In life, everyone is awarded a one lifetime chance that would either propel their career forward or cause their life to spiral downwards, the choice they make at the time ultimately defines their future.
This is a story of one George Juma whose life can be linked to a movie script, from having a successful banking career to a prisoner, where he can only tell the tales of his life despite living big.
In an explicable narration on njeraini citu(inside the prison) Juma noted that his journey started back to his early days in campus, where he pursued a bachelors degree in finance and commerce at Kabarak University.
He was lucky enough to be employed the same year he graduated to a local bank, an opportunity he grabbed and made the best put out of it, making him stand out among his peers and bosses.
Juma noted that his hard work paid off as he was offered a scholarship by the bank the following year to pursue a second degree in Economics and Statistics in Massachusetts, US.
Juma further started that, through his position he had all the access to all sort of information such as type of account that were most active, amount held in each account and frequency of all transactions of all accounts.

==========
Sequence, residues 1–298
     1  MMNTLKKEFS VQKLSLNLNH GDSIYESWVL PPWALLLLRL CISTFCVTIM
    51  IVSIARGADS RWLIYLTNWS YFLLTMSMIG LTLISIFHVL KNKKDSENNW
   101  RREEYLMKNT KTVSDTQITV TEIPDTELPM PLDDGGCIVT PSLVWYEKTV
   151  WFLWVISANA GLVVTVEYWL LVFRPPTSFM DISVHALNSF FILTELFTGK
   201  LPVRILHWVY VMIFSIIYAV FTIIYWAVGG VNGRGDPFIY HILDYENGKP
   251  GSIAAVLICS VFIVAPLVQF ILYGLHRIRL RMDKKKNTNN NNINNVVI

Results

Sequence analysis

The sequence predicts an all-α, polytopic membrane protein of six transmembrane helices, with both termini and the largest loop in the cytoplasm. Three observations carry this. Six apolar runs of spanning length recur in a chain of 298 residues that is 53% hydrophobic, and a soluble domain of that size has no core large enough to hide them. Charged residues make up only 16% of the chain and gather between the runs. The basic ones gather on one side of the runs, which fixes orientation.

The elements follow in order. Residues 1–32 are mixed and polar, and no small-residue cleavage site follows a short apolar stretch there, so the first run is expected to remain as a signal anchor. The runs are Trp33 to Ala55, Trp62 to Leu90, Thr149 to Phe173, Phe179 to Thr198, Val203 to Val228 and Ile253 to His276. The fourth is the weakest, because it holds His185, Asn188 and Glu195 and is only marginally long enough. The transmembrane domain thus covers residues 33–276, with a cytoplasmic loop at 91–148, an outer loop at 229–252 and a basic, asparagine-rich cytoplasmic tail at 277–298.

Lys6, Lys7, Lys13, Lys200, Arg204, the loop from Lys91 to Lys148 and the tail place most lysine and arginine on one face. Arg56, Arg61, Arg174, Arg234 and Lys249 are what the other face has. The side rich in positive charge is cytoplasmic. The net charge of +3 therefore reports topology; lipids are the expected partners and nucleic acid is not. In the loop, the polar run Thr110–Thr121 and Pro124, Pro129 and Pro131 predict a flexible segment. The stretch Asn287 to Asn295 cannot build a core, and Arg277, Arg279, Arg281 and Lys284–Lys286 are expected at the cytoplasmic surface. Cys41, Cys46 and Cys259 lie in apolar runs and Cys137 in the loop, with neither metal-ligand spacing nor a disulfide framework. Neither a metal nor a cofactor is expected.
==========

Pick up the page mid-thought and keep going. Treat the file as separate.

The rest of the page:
He narrated how his downfall began, “Theld me that whatever I was being paid was peanuts to them, as they could show me how to make lots of money. I was consumed in their trap and began following their lead.
“With my experience, skill and position, I was able to do a lot of run forgeries successfully,” Juma stated, pointing out he had been offered millions by the syndicate compared to his Ksh153,000 monthly income.
He added that it was easy and successful at the beginning although he regretseverything upto now. “The first job I did, we got away with Ksh17 million, the next one we got away with Ksh11 million. Clients were losing as little as Ksh1 daily and they couldn’t tell the difference.
“We were a team of 11 people. We carried out the forgery transactions for a whole year, so you can imagine the millions we made if we took Ksh1 or Ksh10 daily from all those clients?
“I definitely regret doing the transactions. My advice to those in employment particularly those in the banking sector, is that they should not fall into greed and temptations,” he noted.